Michigan Medicine awarded prestigious opportunity to participate in ACGME-sponsored health disparities collaborative for house officers

November 30, 2018  //  FOUND IN: Michigan Medicine News

Michigan Medicine is one of nine institutions chosen to participate in the Accreditation Council for Graduate Medical Education (ACGME) Quality Improvement Collaborative Focused on Health Care Disparities.

The goal of the collaborative is to increase resident and fellow engagement in quality improvement, with a particular focus on health care disparities using a framework developed by the National Collaborative for Improving the Clinical Learning Environment (NCICLE). NCICLE identifies foundational elements for engaging new clinicians in quality improvement efforts to eliminate health care disparities.

Over the course of the 18-month collaborative, participating institutions will use the NCICLE framework to develop, implement and evaluate models to acculturate residents and fellows into the Clinical Learning Environment’s goals and practices for improving care, specifically towards eliminating health care disparities.

“We are excited to participate in the ACGME Health Disparities Collaborative to share and learn from our peer institutions tactics we all can use to educate residents about health disparities through a quality improvement lens,” said David J. Brown, M.D., associate vice president and associate dean for health equity and inclusion. “We have an amazing team from Michigan Medicine which includes experts from many different areas.”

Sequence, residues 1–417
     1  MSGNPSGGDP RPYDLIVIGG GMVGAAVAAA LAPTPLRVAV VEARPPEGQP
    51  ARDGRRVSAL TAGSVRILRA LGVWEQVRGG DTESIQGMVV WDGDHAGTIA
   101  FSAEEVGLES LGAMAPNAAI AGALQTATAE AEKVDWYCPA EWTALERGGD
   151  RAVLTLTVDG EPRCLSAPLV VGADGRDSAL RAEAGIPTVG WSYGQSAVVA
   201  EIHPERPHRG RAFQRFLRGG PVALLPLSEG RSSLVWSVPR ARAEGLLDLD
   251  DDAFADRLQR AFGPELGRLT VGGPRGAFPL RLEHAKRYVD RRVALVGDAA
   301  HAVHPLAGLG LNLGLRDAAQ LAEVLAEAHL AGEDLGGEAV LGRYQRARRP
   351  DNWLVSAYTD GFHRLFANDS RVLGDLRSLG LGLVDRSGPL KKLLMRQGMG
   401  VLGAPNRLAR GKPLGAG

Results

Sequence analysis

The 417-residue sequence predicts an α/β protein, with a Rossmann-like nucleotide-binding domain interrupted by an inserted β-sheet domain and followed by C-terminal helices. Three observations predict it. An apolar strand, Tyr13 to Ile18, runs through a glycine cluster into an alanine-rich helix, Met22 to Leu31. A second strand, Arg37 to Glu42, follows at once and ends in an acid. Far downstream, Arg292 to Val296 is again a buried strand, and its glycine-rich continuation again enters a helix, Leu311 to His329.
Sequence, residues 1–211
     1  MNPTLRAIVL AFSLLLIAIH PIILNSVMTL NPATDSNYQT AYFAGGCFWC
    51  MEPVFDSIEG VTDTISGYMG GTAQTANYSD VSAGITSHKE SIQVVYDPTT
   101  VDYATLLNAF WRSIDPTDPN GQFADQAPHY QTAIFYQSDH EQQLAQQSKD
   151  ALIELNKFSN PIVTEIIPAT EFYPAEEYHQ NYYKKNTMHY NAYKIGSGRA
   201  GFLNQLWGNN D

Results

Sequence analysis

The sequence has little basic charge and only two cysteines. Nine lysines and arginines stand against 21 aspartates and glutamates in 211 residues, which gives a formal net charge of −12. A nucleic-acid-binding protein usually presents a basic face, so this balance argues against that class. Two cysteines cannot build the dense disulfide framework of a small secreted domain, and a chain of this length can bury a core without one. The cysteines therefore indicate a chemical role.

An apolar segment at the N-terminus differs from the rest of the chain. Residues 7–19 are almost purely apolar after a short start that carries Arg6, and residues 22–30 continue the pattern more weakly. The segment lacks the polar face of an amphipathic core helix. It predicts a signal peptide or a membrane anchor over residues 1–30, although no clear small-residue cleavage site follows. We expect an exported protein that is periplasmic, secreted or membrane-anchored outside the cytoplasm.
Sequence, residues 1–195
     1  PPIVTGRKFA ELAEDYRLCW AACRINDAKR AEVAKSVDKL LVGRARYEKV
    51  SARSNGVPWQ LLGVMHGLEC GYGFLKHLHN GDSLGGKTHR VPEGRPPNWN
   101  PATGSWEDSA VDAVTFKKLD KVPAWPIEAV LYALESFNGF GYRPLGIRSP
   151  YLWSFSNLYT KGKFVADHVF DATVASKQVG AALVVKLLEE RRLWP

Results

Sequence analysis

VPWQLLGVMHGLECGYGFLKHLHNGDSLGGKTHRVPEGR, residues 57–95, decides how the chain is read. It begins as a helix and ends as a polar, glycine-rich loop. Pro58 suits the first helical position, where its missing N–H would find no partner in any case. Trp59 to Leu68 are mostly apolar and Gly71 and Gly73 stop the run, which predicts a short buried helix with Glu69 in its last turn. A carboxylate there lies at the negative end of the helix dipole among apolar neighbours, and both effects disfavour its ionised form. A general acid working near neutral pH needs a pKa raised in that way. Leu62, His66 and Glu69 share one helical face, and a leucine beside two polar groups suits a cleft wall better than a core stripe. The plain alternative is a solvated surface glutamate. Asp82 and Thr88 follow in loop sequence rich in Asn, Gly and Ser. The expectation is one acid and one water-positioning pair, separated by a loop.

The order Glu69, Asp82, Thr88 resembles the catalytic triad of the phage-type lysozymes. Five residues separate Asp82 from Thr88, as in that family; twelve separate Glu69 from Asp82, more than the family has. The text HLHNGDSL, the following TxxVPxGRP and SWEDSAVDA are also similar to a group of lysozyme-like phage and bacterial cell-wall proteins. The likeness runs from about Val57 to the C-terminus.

This project is spearheaded by a diverse collaborative team at the academic medical center, including members from Graduate Medical Education, Quality Department, Office for Health Equity & Inclusion, Office of Patient Experience, Institute for Healthcare Policy and Innovation, Community Health Services and Program for Multicultural Health, Comprehensive Gender Services Program, Community Benefit and Community Health Needs Assessment Team and Health Management and Policy.

By utilizing both new and existing outlets at Michigan Medicine, such as grand rounds, webinars and video technology, and new house officer orientations, the house officers will obtain skills in aligning with quality improvement culture, recognizing and analyzing health care disparities, and acting on health care disparities.

“Michigan Medicine is dedicated to providing house officers with various platforms that improve diversity, equity and inclusion in academic medicine,” said Marcia Perry, M.D., director of house officer programs for the Office for Health Equity and Inclusion. “This opportunity will allow us the opportunity to continue community-building through new and innovative ways.”

Other institutions participating in the collaborative include Children’s Hospital Los Angeles, Citrus Health Network, Inc., HealthPartners Institute, Icahn School of Medicine Mount Sinai, Kaiser Permanente, Newark Beth Israel Medical Center, Ohio State University Hospital and VA Caribbean Healthcare System.

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